Bros, there’s a few things you should know about me: 1) I came out of the womb with a fishing rod in my hand, 2) I don’t think the words ‘too expensive’ can ever apply to whiskey, and 3) I love blogging about rare marine species like the Ghost Shark (Chimaera). It’s been a while since the last time we saw any news regarding the Ghost Shark, but a pointy-nosed blue chimaera (Hydrolagus trolli, order Chimaeriformes), was just filmed swimming alive for the first time ever, and it’s also the first time this species has been filmed in the Northern Hemisphere.
Typically found in deep sea waters off Australia, the pointy-nosed blue chimaera was filmed by an unmanned ROV, remotely operated vehicle, during a Monterey Bay Aquarium Research Institute mission in the waters off of California and Hawaii. They weren’t hunting for the elusive chimaera, but when pouring over the ROV footage a pointy-nosed blue chimaera is exactly what they found.
This footage below is from the Gulf of California, and it was actually filmed back in 2009, but up until recently, the researchers believed they’d filmed a new species of chimaera. In a recently published paper, it turns out that the ‘new species’ is actually the same deep sea pointy-nosed blue chimaera that’s been known to live in Australian waters:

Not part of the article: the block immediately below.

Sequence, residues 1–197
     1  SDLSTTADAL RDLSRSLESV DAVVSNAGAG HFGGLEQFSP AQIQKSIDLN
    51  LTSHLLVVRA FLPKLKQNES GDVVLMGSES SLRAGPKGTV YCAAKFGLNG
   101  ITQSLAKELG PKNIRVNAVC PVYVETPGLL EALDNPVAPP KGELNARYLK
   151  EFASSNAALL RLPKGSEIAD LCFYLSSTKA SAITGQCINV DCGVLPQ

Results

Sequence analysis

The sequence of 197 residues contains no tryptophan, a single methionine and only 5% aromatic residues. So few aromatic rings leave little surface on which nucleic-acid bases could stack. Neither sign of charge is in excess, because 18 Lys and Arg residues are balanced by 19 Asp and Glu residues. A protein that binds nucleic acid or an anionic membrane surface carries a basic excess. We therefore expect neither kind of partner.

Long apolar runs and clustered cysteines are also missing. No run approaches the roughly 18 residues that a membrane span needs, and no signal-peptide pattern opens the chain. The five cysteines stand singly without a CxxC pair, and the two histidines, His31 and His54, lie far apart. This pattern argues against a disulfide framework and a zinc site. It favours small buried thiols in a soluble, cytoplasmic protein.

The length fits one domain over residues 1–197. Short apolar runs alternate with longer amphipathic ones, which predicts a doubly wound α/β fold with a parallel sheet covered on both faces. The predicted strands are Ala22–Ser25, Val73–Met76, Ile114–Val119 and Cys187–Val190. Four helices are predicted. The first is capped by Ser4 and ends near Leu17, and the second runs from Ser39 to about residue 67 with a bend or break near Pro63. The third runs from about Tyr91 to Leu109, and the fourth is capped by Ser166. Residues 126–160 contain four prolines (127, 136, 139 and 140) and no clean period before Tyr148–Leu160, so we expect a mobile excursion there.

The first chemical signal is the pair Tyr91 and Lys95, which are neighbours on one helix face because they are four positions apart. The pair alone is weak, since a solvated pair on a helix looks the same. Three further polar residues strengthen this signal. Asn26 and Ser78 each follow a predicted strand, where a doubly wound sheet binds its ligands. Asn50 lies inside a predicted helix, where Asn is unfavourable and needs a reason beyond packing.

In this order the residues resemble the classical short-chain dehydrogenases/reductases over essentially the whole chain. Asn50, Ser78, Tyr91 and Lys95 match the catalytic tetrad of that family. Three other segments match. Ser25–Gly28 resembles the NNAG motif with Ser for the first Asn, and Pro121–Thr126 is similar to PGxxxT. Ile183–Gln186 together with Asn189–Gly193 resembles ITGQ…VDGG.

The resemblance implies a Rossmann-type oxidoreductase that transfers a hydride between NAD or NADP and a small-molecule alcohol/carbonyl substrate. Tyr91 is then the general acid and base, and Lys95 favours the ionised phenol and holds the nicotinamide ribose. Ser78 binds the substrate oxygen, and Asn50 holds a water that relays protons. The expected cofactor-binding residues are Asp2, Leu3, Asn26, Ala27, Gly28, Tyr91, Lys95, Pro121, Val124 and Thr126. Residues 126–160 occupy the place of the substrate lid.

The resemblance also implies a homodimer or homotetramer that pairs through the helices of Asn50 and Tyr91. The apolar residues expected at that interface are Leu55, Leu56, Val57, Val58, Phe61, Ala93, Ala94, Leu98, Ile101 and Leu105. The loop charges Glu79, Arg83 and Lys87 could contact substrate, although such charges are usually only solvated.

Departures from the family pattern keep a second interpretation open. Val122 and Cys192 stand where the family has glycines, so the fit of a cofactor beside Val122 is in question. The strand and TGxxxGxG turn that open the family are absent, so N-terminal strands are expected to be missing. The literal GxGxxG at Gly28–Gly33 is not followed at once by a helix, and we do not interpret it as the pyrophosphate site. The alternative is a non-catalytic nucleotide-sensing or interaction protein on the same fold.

In total, the ROV observed this large, deep sea chimaera six times. As mentioned before, this is the first time one of these chimaeras have ever been filmed alive. Typically, when this human beings come in contact with this shark it’s either found in the belly of a larger species or it’s dead and has floated up to the surface and/or onto a beach.
In their paper, researchers refer to the fish as Hydrolagus cf. trolli. The letters cf. indicate that the researchers believe the physical characteristics of the fish they saw closely match the official species description for Hydrolagus trolli. Their alternative hypothesis is that the fish in MBARI’s videos are an entirely new species of ghost shark.
The researchers note that they can’t positively identify the ghost sharks in the ROV video without actually collecting one of them and bringing it back to the surface. This is much easier said than done, because these fish are generally too large, fast, and agile to be caught by MBARI’s ROVs. If and when the researchers can get their hands on one of these fish, they will be able to make detailed measurements of its fins and other body parts and perform DNA analysis on its tissue. This would allow them to either remove the cf. from their species description, or assign the fish to a new species altogether.
Such an exciting time to be alive.
There are many types of chimaeras out there, some creepier than others. I just think it’s dope that we’re still finding new species (alive) at a time when species all across teh globe are dying off faster than any time in recorded history.